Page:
Manage episode 307766025 series 1304817
In terms of sheer bloodshed per square mile, there were few countries that could touch Nicaragua in the 1970’s.
Like Salvador, there were periods of unrest that were sustained and violent, costing lives in the tens of thousands. At the time, radio was the sole social media for getting word out on what was happening on that particular day or week. State radio tended to tow the party line and stations that did not would often just “vanish” from the air… often along with their staff and radio personalities.
The Nicaraguan Revolution was a decades-long process meant to liberate the small Central American country from both U.S. imperialism and the repressive Somoza dictatorship. It began in the early 1960s with the founding of the Sandinista National Liberation front (FSLN), but didn't truly ramp up until the mid-1970s.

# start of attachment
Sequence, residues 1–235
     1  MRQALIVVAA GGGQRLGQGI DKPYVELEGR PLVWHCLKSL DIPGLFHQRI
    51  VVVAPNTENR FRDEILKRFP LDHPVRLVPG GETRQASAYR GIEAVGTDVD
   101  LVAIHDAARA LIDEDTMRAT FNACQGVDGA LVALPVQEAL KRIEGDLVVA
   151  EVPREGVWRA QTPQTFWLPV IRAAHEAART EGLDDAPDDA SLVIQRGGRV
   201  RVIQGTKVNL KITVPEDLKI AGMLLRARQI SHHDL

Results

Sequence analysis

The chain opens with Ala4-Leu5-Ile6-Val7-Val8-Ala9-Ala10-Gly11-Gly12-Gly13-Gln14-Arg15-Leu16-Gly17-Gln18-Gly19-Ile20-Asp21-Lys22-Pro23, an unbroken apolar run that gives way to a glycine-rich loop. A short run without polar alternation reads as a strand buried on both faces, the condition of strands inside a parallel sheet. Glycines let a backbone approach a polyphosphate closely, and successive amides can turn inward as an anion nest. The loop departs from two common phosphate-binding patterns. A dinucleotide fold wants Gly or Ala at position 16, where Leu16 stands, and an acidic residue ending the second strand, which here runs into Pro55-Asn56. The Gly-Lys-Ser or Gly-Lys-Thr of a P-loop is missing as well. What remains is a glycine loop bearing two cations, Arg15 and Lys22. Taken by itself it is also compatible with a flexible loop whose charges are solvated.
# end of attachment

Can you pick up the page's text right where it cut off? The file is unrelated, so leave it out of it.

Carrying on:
It culminated in fighting between the Sandinista rebels and the National Guard from 1978 to 1979, when the FSLN succeeded in overthrowing the dictatorship. The Sandinistas ruled from 1979 to 1990, which is considered to be the year the Revolution ended.
There was, in the 70’s, an incredible opportunity to document a lot of the activities via the shortwave spectrum - sadly, I got little more than snippets - but this one is a powerful one. Have a listen.